Temperature Monitoring Technology for COVID-19 Vaccines

By Charles Pedersen

Since the first COVID-19 vaccines were announced in 2020, their unique temperature requirements and their complex logistics related to shipping and storage have gained global attention. In the U.S., the CDC has issued handling instructions with additional requirements for efficiently storing each type of vaccine. And while the Pfizer-BioNTech vaccine’s ultralow temperature requirements have been relaxed and the new Johnson & Johnson vaccine only requires refrigeration, ensuring that vaccines remain within their specified temperature parameters continues to be of vital importance.

In the months since the vaccine rollout began, there have been dozens of reports about vaccines being jeopardized for a variety of reasons, including issues relating to storage and temperature. In some cases, healthcare workers identified the issue early enough to safely administer the affected doses before they became compromised or placed them under quarantine until a state regulatory agency could confirm their efficacy. In others, a significant number of vials had to be discarded or previous recipients were told they needed to be revaccinated.

These stories underscore the importance of automated temperature monitoring to avoid unnecessary loss and ensure vaccines are effective upon administration. Experts have pointed to the importance of accurate and frequent temperature data collection as an essential factor in the success of the vaccination effort.

With the death toll from COVID-19 reaching staggering numbers, vaccines still in limited supply, and a focus on vaccine distribution across the globe, healthcare systems and others involved in administering vaccines are doing everything they can to protect their quotas, both to support the health of their communities and to avoid the negative publicity of an unnecessary loss.

All of these factors point to the importance of effective, efficient temperature monitoring—so it is no wonder the CDC requires every vaccine storage unit to be equipped with a temperature monitoring device (TMD). The CDC also recommends (but does not require) the use of automated monitoring solutions, which provide a high level of accuracy for healthcare environments.

Benefits of automation

Automated temperature monitoring solutions rely on sensors that are easily attached to a refrigerator, freezer, or other contained environment to collect temperature data and wirelessly transmit it to a centralized system. The data is then streamed to a user-friendly software application that maintains detailed records of temperature history and can perform automated reporting to meet regulatory compliance needs. When conditions fall outside of the preestablished parameters for each unit, a real-time alert is triggered to prompt staff to take action before the safety and efficacy of the vaccines are compromised.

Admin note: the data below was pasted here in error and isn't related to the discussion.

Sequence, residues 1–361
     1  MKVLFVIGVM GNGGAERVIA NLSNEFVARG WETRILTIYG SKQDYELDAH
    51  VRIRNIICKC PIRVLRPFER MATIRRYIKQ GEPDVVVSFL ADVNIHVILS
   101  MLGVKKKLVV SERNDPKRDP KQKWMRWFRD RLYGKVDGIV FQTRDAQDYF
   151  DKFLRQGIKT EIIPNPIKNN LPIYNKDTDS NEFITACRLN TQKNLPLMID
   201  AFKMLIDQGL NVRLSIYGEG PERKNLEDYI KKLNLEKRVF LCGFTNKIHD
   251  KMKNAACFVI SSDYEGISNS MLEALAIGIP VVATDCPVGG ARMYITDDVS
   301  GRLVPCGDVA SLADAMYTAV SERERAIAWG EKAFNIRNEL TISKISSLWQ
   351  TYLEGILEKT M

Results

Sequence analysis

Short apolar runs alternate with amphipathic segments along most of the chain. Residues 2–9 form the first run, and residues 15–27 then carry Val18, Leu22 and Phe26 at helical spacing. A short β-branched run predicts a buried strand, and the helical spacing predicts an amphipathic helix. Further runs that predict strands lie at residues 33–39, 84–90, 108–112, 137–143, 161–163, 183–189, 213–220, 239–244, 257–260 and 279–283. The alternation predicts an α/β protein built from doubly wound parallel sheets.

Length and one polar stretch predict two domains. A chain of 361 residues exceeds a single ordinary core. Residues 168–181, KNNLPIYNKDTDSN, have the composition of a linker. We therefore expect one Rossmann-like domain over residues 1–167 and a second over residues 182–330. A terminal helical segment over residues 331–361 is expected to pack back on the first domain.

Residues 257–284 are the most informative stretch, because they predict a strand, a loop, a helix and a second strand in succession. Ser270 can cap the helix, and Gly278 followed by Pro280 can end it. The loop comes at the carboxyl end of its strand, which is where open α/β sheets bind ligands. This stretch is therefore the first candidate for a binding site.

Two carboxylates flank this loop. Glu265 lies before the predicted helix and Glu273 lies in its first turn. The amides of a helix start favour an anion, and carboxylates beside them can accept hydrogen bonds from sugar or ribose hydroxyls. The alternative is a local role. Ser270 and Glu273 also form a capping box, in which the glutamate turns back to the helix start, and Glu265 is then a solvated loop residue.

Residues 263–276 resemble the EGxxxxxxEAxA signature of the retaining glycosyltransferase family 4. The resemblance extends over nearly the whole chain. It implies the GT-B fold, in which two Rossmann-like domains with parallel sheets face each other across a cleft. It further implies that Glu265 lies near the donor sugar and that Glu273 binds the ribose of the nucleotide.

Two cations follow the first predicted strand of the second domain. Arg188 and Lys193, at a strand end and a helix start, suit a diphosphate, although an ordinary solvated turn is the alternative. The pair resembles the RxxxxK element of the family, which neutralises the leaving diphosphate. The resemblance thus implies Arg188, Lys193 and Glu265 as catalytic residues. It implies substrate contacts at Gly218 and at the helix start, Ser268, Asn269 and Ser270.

The pandemic has led to widespread staff shortages and decreased revenues for healthcare systems, underscoring the important role that these automated solutions can play in temperature monitoring. Automated monitoring provides detailed reporting that can reduce the cost and labor associated with manual monitoring and documentation. These solutions can also allow staff to focus on more complex tasks associated with the vaccine rollout, such as having the correct number of vaccines ready to be administered at a given time.

Perhaps most importantly, automated temperature monitoring solutions significantly reduce human error. While human error is a significant risk across all industries, in healthcare these errors can be harmful or devastating—even errors within the administrative arm of the industry rather than during clinical care. The likelihood of human error is increased by many of the circumstances common during this pandemic, such as reduced staffing, employee fatigue, and high patient volumes. Automation of temperature tracking, alerts, and reporting significantly reduces the potential for mistakes. Many automated monitoring systems can even trigger alerts if a freezer door is left open, an unfortunately common error.